• What would we like to try / introduce in the next sprint?

The sprint retrospective is an important part of the scrum process, as it allows a team to continuously evolve and improve throughout the lifecycle of a project.


How do we manage this?


  • The PO and DP work closely together from project win to launch and beyond, to ensure that the goals and project requirements are met within budget and on time.
  • DPs will flag any change to requirements and/or progress, both internally and externally as risks to the project, whereby there may be impact on budget timeline.
  • DPs are there for the PO to advise and guide on the product, with knowledge of best practices, recommendations on latest innovations, and expertise in Project Management.


  • Daily stand ups should be quick meetings which start on time - 15 mins max
  • The prioritised backlog must be ready for sprint planning meetings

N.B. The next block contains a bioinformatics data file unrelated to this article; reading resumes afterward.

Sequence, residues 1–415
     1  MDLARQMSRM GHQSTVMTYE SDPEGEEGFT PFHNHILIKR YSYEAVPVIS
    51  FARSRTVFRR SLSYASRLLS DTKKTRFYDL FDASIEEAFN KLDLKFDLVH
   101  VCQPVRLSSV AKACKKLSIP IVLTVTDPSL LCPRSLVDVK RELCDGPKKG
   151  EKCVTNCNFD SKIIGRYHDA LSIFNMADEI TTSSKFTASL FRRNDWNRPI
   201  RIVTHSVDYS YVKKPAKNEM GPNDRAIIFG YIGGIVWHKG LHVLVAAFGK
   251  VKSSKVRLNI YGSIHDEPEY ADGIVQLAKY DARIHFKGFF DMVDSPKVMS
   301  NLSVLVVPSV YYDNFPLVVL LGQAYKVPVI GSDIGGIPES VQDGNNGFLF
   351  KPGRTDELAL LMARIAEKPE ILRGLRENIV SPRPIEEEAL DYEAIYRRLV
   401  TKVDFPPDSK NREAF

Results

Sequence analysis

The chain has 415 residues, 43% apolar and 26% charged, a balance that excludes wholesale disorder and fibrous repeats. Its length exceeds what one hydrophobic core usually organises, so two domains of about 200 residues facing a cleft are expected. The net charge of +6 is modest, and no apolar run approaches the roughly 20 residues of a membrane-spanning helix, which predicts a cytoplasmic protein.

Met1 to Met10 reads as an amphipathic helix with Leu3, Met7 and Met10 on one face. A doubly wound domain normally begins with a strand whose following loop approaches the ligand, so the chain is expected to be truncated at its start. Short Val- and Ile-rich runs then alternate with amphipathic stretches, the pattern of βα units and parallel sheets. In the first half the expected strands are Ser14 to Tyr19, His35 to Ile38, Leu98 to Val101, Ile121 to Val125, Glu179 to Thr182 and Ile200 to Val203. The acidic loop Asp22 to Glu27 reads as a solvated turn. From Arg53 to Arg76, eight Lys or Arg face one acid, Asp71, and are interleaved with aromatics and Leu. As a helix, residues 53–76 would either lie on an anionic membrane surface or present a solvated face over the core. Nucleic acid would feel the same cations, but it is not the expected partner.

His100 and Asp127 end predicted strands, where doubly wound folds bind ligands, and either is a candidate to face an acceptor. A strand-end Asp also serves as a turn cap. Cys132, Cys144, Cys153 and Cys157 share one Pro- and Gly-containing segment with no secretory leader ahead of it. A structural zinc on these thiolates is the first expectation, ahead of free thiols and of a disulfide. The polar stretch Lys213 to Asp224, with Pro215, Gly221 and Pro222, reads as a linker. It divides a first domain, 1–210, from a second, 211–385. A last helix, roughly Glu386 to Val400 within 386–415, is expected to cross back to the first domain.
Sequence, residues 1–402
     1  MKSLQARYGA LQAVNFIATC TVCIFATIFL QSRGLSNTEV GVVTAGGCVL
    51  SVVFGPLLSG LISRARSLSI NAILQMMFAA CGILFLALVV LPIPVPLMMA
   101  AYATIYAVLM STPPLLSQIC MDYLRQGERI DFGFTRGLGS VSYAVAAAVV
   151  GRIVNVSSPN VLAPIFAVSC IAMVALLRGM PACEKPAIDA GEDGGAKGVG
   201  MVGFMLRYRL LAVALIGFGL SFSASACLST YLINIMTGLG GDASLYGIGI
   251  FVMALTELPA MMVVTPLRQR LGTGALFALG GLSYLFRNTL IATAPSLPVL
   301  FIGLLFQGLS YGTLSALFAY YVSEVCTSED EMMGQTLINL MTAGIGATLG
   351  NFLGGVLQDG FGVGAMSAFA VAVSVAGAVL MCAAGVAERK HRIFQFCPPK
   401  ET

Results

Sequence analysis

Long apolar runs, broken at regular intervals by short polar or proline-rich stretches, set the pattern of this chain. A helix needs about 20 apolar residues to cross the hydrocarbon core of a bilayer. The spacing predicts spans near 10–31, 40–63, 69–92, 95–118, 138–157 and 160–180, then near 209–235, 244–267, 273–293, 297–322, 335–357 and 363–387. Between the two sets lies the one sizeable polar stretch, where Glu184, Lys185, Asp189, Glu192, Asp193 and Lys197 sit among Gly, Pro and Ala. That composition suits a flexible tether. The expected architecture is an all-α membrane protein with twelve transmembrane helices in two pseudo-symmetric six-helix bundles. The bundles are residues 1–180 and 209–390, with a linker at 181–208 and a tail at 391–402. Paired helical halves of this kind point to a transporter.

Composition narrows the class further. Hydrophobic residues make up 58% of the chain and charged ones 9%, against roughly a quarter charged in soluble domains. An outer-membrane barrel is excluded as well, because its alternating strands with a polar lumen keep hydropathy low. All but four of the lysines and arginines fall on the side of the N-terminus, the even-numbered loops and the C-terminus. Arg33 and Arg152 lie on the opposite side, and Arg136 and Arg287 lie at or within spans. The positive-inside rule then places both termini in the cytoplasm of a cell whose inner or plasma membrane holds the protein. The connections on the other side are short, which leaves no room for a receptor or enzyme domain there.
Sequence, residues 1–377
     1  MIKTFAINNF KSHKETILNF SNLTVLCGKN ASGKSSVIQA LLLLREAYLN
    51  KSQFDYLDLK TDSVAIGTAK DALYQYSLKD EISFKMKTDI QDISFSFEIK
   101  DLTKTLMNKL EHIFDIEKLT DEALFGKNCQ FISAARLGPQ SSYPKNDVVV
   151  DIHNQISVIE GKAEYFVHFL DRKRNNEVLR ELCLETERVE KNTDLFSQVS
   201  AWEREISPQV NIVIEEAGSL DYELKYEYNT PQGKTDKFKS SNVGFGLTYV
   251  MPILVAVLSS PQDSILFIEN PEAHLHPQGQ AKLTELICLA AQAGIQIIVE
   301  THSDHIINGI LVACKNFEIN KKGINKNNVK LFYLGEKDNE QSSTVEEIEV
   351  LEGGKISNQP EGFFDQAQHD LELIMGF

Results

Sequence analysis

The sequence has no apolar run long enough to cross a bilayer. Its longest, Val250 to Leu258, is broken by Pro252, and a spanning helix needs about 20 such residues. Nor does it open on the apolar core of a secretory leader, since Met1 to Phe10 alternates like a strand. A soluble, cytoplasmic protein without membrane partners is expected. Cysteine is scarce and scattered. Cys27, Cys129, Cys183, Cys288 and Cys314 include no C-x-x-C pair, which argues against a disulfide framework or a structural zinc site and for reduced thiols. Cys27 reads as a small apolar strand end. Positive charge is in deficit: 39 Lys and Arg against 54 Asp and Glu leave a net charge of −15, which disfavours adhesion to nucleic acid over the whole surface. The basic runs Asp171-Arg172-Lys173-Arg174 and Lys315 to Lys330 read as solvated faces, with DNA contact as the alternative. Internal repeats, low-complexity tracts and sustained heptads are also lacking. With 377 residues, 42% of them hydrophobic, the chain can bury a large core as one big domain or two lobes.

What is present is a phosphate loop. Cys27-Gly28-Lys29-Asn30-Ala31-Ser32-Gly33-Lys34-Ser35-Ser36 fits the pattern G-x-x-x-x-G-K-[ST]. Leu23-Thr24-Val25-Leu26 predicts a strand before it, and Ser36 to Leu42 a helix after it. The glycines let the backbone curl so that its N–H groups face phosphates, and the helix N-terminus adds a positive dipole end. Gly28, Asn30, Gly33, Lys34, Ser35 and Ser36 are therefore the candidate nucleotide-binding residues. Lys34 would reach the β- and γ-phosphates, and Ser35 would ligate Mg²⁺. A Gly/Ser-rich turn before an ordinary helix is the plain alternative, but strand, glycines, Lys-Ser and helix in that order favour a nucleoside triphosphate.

• Once a sprint has started, the goal cannot change & no additional requirements can be added
  • The DP decides the sprint goal with the PO
  • The development team own the sprint - not the PO
  • Retrospectives are an open forum to discuss as a team, the best ways to constantly refine and improve performance


We use a number of tools to coordinate our daily scrum work:

  • Google - We used cloud based Google apps to manage our data storage, collaboration & communication with our clients.
  • Atlassain JIRA - JIRA is our main project and issue-tracking platform used by the development team in every bit of work we do.
  • Gantt Pro - GanttPro is our additional project planning tool which lets us create structured charts which illustrate each project lifecycle timeline.
  • Trello - Trello is another project management tool the D.P team use to track project work and essential tasks with our clients and keep our work moving along nicely.
  • Agency Core - Agency Core is an online business tracking tool designed exclusively for creative agencies which lets us manage all of our work on a cloud based platform.

And, that's it in a nutshell. Check out our other blogs to go into some of these areas in more detail.